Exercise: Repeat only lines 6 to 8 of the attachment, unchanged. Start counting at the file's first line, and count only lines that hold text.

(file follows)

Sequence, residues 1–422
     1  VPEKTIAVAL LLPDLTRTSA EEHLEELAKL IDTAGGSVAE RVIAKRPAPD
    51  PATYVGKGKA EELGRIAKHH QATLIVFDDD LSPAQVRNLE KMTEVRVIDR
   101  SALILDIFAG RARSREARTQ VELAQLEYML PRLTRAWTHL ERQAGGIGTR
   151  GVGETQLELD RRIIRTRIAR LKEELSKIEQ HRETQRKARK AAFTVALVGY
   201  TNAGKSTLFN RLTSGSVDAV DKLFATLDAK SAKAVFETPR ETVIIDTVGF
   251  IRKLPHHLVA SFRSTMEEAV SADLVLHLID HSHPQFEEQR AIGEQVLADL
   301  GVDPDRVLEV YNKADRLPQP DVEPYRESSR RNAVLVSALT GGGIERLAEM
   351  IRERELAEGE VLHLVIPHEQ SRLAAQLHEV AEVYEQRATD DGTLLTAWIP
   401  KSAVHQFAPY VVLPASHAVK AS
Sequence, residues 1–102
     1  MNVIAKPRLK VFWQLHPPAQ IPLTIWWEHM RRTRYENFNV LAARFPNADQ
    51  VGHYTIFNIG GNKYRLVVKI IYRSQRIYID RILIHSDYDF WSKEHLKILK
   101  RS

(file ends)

   201  TNAGKSTLFN RLTSGSVDAV DKLFATLDAK SAKAVFETPR ETVIIDTVGF
   251  IRKLPHHLVA SFRSTMEEAV SADLVLHLID HSHPQFEEQR AIGEQVLADL
   301  GVDPDRVLEV YNKADRLPQP DVEPYRESSR RNAVLVSALT GGGIERLAEM